George Osborne has just delivered his 2015 spending review and Autumn Statement.
His speech, like his Summer 2015 Budget, was again a long one at over an hour. As expected it was full of statistics regarding improvements to the economy including:
- 1m extra jobs in the next five years
- £27bn improvement in public finances due to higher tax receipts and lower debt repayments
- £22bn efficiency savings to be found in the NHS
- No cut in the police budget
The Chancellor is still predicting a surplus from 2019/20 and the GDP growth forecast is around the 2.3 per cent to 2.5 per cent mark for the next five years. Once again, the reference to “northern powerhouse” was made very early in his speech as it was announced that the economic recovery has been better in the north than the south.
Of the Chancellor’s speech, what announcements will affect firms of solicitors?
From a tax perspective, there wasn’t that much to report.
As always, there were the usual references to anti-avoidance measures including a more costly penalty regime which will be another nail in the coffin for some of the more provocative tax schemes out there.
Stamp Duty Land Tax (“SDLT”)
The Government will consult in 2016 on changes to the SDLT filing and payment process, including a reduction in the filing and payment window from 30 days to 14 days. These changes will come into effect in 2017 to 2018.
Other changes that will impact conveyancing firms include an increased SDLT charge on second properties, including buy to lets. From 1 April 2016 these properties will carry a 3 per cent premium over and above the usual rate of SDLT, starting from a new, low threshold purchase price of just £40,000. This will not only increase the amount of SDLT collected but, and more relevantly to those firms affected, increase the number of transactions on which SDLT is due.
Capital Gains Tax (“CGT”)
From 2019, CGT due on sale of residential property will be payable within 30 days of sale on an ‘on account’ basis ahead of the usual payment date of the 31 January following the tax year end.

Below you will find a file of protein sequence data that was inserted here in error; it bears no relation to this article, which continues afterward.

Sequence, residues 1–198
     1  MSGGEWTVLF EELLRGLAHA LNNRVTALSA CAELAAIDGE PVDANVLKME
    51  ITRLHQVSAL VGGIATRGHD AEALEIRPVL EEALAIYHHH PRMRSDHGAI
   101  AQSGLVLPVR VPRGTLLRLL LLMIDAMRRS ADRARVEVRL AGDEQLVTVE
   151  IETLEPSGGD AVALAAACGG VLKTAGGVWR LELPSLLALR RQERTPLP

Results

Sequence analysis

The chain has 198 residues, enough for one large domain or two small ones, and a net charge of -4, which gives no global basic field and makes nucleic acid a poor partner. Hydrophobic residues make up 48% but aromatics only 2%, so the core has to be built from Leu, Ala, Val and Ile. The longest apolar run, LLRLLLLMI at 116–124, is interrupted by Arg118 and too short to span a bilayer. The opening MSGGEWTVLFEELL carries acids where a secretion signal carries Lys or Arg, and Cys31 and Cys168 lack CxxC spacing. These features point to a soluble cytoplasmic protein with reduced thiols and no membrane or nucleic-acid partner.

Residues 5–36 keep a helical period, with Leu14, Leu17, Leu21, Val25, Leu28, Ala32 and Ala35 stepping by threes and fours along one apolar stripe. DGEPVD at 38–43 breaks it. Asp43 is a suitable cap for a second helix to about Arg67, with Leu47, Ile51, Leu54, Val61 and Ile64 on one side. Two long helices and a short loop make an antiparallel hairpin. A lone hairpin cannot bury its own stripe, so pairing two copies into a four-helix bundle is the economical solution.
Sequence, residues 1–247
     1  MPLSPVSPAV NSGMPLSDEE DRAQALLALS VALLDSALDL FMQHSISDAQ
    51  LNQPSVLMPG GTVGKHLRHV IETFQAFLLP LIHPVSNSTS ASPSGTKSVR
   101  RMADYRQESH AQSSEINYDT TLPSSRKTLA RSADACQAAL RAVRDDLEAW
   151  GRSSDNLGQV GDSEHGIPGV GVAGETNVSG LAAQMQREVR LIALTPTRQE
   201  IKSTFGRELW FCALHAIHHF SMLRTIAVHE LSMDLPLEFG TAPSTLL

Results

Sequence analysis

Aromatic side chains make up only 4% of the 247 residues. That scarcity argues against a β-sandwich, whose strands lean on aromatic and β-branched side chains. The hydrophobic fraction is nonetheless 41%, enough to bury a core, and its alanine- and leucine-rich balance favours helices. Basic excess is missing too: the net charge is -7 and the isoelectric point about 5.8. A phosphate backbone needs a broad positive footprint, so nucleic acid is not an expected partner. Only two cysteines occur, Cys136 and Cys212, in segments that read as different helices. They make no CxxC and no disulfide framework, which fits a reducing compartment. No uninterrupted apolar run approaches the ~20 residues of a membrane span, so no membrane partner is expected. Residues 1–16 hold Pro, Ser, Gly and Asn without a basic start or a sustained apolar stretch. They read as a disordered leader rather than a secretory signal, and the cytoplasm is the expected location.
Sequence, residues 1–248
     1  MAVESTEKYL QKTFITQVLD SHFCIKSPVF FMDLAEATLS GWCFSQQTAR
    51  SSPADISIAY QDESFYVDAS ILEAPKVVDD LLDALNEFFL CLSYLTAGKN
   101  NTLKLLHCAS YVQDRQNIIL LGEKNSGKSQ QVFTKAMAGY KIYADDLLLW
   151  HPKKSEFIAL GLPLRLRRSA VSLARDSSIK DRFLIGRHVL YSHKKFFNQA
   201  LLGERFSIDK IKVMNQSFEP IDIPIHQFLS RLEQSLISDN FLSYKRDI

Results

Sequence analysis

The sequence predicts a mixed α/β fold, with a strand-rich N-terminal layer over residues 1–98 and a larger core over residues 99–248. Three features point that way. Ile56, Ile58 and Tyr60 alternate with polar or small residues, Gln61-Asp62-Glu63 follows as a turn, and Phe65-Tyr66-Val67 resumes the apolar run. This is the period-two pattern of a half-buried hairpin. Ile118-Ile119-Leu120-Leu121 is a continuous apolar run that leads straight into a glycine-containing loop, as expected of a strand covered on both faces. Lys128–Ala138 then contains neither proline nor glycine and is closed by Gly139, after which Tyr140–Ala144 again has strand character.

What was expected that didn’t materialise?
There were some predictions that didn’t materialise, such as bringing forward the proposed increase in tax on dividends from April 2016 to today - which would have affected those operating through a company - and the abolition of the 10 per cent CGT on sale of a business. Nor was there any restriction of incorporation relief for property letting businesses.
As expected, the changes to tax credits that were recently blocked by the House of Lords have been shelved. This previous announcement had received a lot of criticism and it was interesting to see the Chancellor make a full u-turn on the subject. There was also confirmation that deeds of variation are to remain, albeit kept under review.
Non tax related measures
Firms that specialise in compensation claims following motor accidents will see the government bring forward measures to reduce ‘excessive’ costs arising from whiplash claims. The right to general damages for minor soft tissue injuries will be removed and legal costs will be reduced by transferring personal injury claims of up to £5,000 to the Small Claims Court.
In summary, there weren’t too many changes announced that will have a significant impact on small solicitor firms from a tax point of view with the exception of changes to the SDLT regime. However, the potential changes regarding compensation claims is likely to have a major impact on firms that advise in this sector.
Steve Roberts is a Tax Director at Armstrong Watson and is part of Armstrong Watson’s legal sector team. The legal sector team advises law firms throughout the UK on strategic, structural and other business improvement issues as well as providing efficient accounting, tax and SRA accounts rules services. Further information.
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